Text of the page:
Do you think the Hello Kitty theme is intended to relax people by intoxicating them with sweetness — convincing them that they’re on a ride at the amusement park, rather than flying 500 miles per hour at thirty thousand feet?

    I had a feeling you weren’t kidding about that wax gourd drink.

    Great writing as always, Susan.

    Like

    • lostnchina
      June 19, 2012

      Maybe Thomas Edison was Chinese and we just didn’t know it? The proof is in the chopsticks.

      Most Asians are very into Hello Kitty, and I suppose they would find Hello Kitty relaxing. But for others, Hello Kitty seems like a cult.

      Thanks for reading.

      Like

  4. beaufortninja
    June 14, 2012

    Great stuff. I’ve got my Crazy China series where I post a weird photo once a week. I’m backed up right now because I see so many wild things every day!

    Like

    • lostnchina
      June 15, 2012

      Thanks. You’re so right. There’s crazy stuff in China all the time. Even the most banal things.

      Like

  5. Giora
    May 26, 2012

    Very interesting about the Hello Kitt. I knew it’s ig in Japan. Didn’t know it’s big in China. Cool that you can get free drink/food at Virgin Airlines lounge. I don’t travel much. I wonder if other airlines have free drink/food and people can sneak in. About China being a world power without full democracy to its people

    Like

    • Giora
      May 26, 2012

      it’s easier actually to be a superpower when you don’t have democracy. Russia was a superpower under communism. All in all, the USA is going down in its world power, while China is moving up.

      Like

      • lostnchina
        May 27, 2012

        I totally agree with you on this point, Giora. I was going to say that the USSR back in the day was the scariest superpower there was. And it’s easier to be a superpower when you’re a totalitarian or communist regime simply because the government dictates how things should run, so it’s easier to become “efficient” at building the infrastructure or the military/defense to scare the pants off your neighbors. In a democracy, people vote on whether or not a bypass, that would benefit the general population, should be built through their backyards. So progress is slowed or stifled.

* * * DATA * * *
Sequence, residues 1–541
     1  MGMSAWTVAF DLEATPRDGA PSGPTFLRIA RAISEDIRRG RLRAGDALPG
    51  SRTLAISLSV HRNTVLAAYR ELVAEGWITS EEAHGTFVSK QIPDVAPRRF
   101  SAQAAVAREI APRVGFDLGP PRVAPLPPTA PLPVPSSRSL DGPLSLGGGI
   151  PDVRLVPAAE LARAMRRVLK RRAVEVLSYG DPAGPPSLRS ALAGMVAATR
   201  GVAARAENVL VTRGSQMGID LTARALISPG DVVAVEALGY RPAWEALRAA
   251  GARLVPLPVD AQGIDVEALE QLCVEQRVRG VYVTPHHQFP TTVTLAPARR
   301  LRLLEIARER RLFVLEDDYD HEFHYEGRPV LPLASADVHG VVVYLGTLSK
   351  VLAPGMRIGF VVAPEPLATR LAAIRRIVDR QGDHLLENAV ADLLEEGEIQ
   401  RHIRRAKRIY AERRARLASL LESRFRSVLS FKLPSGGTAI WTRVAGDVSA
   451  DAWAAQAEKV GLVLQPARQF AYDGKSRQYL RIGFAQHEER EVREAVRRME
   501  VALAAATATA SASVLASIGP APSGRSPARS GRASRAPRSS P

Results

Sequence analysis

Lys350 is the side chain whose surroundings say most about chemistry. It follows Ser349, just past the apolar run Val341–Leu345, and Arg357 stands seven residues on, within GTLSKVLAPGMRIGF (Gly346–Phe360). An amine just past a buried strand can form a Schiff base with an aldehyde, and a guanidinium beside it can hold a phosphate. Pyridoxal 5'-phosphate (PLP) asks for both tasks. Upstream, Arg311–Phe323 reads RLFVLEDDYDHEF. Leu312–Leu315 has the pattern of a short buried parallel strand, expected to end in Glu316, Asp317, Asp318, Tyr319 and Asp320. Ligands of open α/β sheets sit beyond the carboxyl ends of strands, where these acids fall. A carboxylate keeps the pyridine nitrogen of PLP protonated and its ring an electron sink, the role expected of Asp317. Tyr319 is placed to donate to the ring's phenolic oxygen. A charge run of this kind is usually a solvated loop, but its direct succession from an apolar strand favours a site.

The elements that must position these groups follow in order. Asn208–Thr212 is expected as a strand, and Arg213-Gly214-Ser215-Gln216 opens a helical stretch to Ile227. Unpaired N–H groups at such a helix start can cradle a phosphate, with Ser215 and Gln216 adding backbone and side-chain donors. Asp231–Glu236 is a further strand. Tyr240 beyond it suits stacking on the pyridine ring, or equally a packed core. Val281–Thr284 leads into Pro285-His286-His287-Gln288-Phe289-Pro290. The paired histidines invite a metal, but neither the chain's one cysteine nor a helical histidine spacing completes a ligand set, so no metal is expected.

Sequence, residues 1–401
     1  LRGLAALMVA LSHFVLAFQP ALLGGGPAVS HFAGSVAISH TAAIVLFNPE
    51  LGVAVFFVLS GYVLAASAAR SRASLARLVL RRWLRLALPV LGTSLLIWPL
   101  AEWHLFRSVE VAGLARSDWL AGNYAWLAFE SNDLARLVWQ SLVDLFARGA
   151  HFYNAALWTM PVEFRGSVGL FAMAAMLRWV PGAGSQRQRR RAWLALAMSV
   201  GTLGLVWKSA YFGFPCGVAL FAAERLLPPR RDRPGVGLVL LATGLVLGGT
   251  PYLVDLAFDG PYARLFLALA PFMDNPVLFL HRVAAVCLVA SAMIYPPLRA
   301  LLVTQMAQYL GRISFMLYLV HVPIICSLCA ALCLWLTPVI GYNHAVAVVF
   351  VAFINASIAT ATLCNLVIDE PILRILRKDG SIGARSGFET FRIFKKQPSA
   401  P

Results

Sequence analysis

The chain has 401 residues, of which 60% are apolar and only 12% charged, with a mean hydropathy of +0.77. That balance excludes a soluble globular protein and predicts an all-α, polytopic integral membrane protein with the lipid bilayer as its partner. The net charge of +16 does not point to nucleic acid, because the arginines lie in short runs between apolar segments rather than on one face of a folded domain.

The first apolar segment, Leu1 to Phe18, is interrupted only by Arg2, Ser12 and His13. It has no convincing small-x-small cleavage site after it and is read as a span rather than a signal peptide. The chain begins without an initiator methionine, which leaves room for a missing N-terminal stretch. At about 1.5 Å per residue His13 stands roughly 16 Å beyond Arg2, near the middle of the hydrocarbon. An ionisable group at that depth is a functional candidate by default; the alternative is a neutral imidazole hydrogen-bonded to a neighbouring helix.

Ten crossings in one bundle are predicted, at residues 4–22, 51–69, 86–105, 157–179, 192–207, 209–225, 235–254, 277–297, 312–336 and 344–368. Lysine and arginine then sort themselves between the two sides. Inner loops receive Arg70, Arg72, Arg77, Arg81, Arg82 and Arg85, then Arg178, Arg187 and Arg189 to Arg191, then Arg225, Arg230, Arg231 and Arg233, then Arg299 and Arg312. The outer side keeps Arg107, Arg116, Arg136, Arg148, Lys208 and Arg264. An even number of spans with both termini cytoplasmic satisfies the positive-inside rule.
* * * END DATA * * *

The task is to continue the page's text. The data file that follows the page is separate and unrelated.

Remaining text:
And look at what happened to the USSR once it became a “democracy” – countries broke off, civil war, etc. I’m not saying communism or dictatorships are a good thing, but I do believe, after having lived in China all these years, that when a country is at a certain level of development, different types of government would be more effective than a democracy in getting the country onto its feet. But once a certain level of socio-economic level has been reached, then another type of government is needed. That’s just my personal opinion.

        Like

        • Giora
          May 28, 2012

          We have the Chinese newspaper “The Epoch Times” given free in Toronto. They are against the Communist Regime in China. Last month they had a big article that according to their reliable information, The Communist Goverment in Beijing in their big meeting this october will say that China is moving from Communism to Democracy and allow other parties to run in the next election. That’s what they say. We’ll have to wait for October to see if it’s true. You personal opinion is right and China is about to change to a Democratic election with a few parties in the next few years. Too many young and ecutaed people in China want change.

          Like

        • beaufortninja
          June 14, 2012

          Interesting discussion. Hope you don’t mind if I throw my 2 cents in. If voting made any difference at all then it’d be illegal. The Soviet Union went down because it’s economy had been faltering for about 20 years or so because growth had stalled. The original communist strategy of taking peasants off the farms and putting them in factories in the city wasn’t effective because there were no more peasants to move. The same is happening in China. And unless China rapidly switches its economy from export-led growth then it’s likely that history will repeat. Recent economic data looks grim. But whatever. Just my 2 cents.